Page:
Utility company Norweb has been piloting a revolutionary service in the UK, Germany and Sweden for almost one year. In the UK, pilot customers in Manchester have been sending and receiving data down low-voltage power cables rather than telephone wires. The trials are due to finish trials this summer, with a roll out of commercial services by the end of 1999.
"There are trials with commercial partners. We hope this will go live by the end of this year," said a spokesman for Norweb.
The telecom company, part of United Utilities, formed a joint venture with Nortel known as Nor.web to develop Digital Power Line (DPL) technology. The system converts the low voltage segment of the existing power supply network into an Intranet, so the users is wired up is a Local Area Network permanently rather than dialling up to a modem every time they want to surf.
There are several advantages to DPL, according to Nor.web, including speed -- data can be transferred over existing electricity power lines up to 1 Mbit/second -- users can ditch the tiresome modem dial-up stage, there is no need to fork out for a second telephone line and monthly charges are fixed so there are no additional phone bills. DPL requires PCs that are 386 standard, Internet capable and have an Ethernet card or capable of taking one.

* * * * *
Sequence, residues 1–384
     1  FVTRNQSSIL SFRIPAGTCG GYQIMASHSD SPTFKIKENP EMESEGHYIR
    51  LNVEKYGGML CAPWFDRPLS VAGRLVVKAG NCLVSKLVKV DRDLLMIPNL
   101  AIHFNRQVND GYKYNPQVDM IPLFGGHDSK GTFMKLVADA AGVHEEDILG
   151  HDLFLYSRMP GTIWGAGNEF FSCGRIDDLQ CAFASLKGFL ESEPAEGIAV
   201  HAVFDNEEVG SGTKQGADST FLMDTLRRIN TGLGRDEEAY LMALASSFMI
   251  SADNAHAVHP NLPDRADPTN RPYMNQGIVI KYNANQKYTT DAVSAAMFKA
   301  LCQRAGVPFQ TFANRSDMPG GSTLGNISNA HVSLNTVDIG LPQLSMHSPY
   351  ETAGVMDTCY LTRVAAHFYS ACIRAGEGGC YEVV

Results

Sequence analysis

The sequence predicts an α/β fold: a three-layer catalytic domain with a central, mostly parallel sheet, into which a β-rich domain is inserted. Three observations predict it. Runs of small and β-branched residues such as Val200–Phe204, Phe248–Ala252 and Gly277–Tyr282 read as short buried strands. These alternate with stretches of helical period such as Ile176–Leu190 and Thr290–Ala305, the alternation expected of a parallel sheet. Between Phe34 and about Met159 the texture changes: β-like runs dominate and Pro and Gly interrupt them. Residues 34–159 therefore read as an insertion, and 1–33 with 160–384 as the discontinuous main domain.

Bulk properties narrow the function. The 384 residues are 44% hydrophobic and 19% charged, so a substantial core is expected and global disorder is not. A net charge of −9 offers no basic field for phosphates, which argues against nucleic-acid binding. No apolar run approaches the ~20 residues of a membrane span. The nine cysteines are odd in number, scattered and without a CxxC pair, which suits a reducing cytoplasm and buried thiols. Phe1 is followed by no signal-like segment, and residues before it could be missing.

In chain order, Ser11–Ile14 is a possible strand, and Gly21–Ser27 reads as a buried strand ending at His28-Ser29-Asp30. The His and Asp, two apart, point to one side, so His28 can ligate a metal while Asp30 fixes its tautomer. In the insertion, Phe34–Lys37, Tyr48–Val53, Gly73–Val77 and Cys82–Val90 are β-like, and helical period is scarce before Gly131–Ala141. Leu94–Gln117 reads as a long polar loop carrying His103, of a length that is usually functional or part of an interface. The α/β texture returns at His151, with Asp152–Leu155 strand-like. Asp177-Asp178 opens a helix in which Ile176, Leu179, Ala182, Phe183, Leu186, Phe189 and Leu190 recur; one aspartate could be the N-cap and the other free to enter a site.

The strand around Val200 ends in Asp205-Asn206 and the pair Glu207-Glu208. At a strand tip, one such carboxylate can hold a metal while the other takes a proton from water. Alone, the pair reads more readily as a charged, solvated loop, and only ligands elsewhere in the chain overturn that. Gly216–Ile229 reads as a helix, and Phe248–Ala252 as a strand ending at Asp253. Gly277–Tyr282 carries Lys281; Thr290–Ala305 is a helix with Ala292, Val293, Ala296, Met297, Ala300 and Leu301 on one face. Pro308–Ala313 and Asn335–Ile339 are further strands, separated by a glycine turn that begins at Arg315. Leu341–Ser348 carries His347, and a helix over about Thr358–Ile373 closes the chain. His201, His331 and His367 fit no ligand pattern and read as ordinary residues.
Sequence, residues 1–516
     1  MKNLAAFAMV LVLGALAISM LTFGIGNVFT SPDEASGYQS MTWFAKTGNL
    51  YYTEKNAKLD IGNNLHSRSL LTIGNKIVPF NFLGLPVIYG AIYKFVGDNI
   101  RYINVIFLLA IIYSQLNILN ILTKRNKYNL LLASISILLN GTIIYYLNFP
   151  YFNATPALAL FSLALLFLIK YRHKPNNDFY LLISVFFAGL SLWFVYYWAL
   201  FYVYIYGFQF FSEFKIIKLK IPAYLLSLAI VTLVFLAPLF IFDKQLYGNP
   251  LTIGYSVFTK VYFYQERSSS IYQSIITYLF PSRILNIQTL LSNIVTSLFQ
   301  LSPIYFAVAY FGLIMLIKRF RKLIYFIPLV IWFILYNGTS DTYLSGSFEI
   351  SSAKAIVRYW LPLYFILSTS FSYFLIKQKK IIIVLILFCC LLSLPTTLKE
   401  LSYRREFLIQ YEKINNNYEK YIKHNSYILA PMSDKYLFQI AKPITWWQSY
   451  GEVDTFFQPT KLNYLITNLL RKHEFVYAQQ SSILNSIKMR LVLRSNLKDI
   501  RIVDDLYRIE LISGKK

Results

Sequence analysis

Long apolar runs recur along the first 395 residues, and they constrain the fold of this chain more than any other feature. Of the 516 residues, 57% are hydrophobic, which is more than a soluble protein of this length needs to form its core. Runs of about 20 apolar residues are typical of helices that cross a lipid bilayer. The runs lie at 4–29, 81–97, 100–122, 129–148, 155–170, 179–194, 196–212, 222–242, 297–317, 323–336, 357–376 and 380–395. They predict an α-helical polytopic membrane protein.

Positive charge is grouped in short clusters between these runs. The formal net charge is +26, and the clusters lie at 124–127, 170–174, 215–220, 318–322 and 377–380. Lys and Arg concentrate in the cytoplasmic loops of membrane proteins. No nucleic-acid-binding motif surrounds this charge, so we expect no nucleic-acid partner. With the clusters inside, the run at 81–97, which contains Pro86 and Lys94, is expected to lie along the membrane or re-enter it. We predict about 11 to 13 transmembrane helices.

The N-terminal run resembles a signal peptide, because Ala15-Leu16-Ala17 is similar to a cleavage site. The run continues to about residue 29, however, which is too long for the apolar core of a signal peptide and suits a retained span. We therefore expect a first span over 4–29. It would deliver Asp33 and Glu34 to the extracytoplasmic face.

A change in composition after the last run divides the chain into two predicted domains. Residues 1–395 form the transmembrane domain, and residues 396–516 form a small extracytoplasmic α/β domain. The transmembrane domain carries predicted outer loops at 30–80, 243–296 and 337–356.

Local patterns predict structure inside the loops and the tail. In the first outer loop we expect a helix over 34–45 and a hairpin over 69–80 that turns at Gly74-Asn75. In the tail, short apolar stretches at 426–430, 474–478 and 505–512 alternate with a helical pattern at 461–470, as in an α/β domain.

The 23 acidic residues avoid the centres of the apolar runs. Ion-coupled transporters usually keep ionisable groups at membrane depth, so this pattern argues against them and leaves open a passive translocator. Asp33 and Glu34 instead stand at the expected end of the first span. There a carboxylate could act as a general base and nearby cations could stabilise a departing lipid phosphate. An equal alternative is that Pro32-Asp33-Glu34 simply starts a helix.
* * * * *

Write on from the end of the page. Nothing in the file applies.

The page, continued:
But the technology has come under fire for interfering with radio frequencies. Nor.web countered claims earlier this year that DPL-induced interference may disrupt civil aviation and emergency services.
And with faster rival technologies, such as ADSL, finally emerging some observers believe Nor.web's ambitious DPL plans may end up being a damp squib.
Details of the state of play of DPL trials emerged at a conference in Brussels this week. Company official said they were confident that a commercial service would be up and running by the year end.